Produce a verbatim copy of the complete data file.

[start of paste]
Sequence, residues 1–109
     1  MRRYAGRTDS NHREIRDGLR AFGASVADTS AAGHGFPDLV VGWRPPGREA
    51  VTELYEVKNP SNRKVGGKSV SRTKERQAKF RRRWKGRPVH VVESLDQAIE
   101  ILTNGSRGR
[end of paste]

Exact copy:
Sequence, residues 1–109
     1  MRRYAGRTDS NHREIRDGLR AFGASVADTS AAGHGFPDLV VGWRPPGREA
    51  VTELYEVKNP SNRKVGGKSV SRTKERQAKF RRRWKGRPVH VVESLDQAIE
   101  ILTNGSRGR